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I thoroughly enjoyed this book! Having an interest in software companies and seeing how they evolve is fascinating to me, and seeing how a "non - Software" executive dealt with the sinking ship with a business strategy was very interesting to me since we are always told how great Gates and Jobs are...
You know what you're getting with Seth Godin - creative straight-talking... and he delivers again here. Nice bite-sized musings and rants - perfect for a journey on a bus or train.
Seth Godin, one of today's most influential business thinkers, writes best-selling books like Purple Cow and All Marketers Are Liars. And in between those annual books, he delivers a daily stream of ideas on one of the world's most popular blogs.
"Ideas always worth considering"
David Korten argues that global corporate consolidation of power is but one manifestation of what he calls "Empire" ¿ the organization of society by hierarchies of dominance that have held sway for the past 5,000 years. Empire has always resulted in misery for the many and fortune for the few. Now it threatens the very future of humanity. The Great Turning traces the ancient roots of Empire and charts its long evolution from monarchies to the transnational institutions of the global economy.
"Very Very interesting"
In 1990, IBM had its most profitable year ever. By 1993, the company was on a watch list for extinction, victimized by its own lumbering size, an insular corporate culture, and the PC era IBM had itself helped invent.
"Really enjoyed it."
In this endlessly fascinating book, New Yorker columnist James Surowiecki explores a deceptively simple idea that has profound implications: large groups of people are smarter than an elite few, no matter how brilliant. Groups are better at solving problems, fostering innovation, coming to wise decisions, even predicting the future.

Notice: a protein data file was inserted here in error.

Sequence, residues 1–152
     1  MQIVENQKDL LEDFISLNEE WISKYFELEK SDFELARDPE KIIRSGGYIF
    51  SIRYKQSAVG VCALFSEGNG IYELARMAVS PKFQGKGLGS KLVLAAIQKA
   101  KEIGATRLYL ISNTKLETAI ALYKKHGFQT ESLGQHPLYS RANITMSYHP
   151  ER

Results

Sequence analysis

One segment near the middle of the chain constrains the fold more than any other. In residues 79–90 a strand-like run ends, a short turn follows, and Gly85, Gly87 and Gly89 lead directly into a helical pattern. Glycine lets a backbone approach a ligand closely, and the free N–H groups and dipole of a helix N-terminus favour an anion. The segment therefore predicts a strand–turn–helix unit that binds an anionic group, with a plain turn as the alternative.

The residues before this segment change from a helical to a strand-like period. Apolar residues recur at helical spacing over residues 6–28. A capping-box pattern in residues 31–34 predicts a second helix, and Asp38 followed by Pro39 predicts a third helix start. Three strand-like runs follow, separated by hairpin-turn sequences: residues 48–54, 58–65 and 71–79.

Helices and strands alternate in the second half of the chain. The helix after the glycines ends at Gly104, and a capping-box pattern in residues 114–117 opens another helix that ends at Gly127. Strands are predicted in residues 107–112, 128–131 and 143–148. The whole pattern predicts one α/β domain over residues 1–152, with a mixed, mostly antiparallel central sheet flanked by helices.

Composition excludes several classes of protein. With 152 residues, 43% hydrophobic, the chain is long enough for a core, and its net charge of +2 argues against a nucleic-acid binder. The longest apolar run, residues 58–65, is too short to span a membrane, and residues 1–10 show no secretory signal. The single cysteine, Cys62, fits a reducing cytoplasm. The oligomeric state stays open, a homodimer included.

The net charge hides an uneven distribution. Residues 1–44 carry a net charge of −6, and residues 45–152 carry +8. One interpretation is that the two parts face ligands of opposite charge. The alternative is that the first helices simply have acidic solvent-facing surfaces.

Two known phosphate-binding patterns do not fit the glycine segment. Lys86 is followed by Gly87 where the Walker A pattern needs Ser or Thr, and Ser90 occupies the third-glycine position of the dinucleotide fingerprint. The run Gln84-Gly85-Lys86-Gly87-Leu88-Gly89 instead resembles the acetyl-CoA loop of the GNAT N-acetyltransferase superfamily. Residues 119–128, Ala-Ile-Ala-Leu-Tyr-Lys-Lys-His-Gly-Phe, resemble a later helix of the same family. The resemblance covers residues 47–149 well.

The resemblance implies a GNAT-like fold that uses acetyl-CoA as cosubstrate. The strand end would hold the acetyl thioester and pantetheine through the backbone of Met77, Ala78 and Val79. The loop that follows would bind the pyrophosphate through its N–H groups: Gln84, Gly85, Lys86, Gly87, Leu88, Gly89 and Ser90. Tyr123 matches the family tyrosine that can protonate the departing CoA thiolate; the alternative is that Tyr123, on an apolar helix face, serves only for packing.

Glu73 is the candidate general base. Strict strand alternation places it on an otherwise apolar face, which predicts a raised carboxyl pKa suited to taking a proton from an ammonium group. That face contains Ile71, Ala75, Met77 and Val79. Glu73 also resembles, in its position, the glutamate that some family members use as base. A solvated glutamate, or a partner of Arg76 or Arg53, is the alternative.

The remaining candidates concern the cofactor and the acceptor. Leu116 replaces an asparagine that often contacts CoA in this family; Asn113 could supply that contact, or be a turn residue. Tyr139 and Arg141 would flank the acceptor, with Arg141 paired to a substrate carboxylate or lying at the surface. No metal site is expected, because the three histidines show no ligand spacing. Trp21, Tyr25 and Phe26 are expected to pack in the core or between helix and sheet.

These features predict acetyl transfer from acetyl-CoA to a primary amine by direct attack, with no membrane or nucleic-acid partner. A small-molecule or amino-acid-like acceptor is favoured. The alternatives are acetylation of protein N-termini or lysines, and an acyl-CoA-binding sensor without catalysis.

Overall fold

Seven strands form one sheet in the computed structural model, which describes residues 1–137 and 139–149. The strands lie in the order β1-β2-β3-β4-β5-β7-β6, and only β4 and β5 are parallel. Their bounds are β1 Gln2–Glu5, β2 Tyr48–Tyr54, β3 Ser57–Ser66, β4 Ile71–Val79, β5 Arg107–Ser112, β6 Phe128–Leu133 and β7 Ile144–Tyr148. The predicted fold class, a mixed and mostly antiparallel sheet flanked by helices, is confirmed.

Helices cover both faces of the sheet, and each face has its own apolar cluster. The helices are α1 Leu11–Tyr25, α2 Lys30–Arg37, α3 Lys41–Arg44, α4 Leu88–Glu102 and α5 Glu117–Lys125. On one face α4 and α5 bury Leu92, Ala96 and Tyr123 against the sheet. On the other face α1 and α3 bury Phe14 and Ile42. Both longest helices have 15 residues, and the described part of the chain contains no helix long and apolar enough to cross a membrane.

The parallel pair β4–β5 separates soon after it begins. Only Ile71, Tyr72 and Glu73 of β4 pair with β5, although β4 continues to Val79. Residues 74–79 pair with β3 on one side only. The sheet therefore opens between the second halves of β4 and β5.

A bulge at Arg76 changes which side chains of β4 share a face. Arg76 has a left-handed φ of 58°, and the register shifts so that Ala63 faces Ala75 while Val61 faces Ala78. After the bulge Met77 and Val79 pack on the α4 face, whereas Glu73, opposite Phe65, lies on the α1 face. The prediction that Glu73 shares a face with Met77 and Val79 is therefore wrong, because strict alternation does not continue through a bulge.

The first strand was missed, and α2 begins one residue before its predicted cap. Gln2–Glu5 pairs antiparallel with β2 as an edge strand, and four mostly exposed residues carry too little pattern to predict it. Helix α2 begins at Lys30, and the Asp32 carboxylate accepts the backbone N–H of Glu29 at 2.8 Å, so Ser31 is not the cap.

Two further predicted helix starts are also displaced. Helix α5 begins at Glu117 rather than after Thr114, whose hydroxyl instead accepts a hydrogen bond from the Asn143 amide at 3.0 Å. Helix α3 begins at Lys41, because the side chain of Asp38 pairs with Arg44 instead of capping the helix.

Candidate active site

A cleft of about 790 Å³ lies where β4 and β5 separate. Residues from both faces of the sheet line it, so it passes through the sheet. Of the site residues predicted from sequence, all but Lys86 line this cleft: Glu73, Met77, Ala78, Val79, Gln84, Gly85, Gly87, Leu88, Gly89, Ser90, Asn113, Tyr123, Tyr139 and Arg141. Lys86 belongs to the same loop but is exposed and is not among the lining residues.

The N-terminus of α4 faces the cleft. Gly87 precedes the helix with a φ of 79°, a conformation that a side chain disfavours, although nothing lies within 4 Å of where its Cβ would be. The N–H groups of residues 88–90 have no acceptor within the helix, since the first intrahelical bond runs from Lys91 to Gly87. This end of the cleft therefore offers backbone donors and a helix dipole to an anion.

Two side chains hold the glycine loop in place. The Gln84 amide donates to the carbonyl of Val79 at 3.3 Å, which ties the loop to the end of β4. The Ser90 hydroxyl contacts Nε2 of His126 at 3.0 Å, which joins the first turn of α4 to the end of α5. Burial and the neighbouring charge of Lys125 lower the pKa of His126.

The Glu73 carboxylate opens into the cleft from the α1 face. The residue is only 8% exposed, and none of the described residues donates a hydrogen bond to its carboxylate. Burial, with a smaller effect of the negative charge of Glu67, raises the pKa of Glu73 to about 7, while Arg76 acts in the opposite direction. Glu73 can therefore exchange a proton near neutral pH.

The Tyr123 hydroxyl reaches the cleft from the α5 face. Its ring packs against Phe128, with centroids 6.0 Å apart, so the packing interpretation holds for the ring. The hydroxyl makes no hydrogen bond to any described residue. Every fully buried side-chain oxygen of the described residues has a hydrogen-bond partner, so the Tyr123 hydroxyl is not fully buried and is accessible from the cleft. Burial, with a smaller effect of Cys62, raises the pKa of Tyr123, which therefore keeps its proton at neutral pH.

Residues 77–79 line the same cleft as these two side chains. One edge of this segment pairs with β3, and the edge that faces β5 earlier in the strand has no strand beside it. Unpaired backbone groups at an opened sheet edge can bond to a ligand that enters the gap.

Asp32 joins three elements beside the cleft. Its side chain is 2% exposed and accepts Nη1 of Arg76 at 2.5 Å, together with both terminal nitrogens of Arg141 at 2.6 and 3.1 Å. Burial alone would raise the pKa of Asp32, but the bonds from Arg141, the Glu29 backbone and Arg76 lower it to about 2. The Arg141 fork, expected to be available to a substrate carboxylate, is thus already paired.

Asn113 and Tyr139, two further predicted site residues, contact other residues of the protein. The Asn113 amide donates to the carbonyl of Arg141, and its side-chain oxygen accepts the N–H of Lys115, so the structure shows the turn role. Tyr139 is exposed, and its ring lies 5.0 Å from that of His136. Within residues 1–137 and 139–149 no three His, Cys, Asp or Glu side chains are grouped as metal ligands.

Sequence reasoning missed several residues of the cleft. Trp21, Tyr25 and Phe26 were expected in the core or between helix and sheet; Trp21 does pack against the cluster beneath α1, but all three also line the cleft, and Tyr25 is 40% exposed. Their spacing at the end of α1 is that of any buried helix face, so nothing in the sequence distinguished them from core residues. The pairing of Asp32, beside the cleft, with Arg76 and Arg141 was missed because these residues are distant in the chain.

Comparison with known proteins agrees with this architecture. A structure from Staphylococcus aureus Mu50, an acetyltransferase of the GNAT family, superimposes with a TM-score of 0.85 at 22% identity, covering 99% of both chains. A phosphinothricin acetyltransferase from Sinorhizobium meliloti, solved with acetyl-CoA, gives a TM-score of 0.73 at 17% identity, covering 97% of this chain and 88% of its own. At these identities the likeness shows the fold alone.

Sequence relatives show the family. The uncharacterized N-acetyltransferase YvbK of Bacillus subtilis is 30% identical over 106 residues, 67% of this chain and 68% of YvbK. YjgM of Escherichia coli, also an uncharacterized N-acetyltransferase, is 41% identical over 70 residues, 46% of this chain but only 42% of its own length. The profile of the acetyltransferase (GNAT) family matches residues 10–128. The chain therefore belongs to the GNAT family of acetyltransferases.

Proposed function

"All of us are smarter than any of us"
Donald Trump and Robert Kiyosaki are both concerned. Their concern is that the rich are getting richer, but America is getting poorer. The entitlement mentality is epidemic, creating people who expect their country, employer, or family to take care of them. And like the polar ice caps, the middle class is disappearing. America is becoming a two-class society, and soon you will be either rich or poor. Trump and Kiyosaki want you to be rich.
Albert-Laszlo Barabasi traces the fascinating history of connected systems. Understanding the structure and behavior of networks will forever alter our world, allowing us to design the "perfect" business or stop a disease outbreak before it goes global.
Brian Tracy reveals the success secrets of millionaires who achieved their dreams. You'll learn how to increase your income, achieve your goals, eliminate your debts, and realize your full potential. Tracy presents motivational ideas and principles that are followed by provocative questions and action exercises to help you apply the secrets to create your own success.
What does the world want? According to John Battelle, a company that answers that question can unlock the most intractable riddles of both business and culture. And for the past few years, that's exactly what Google has been doing.
"A bit outdated but still fascinating"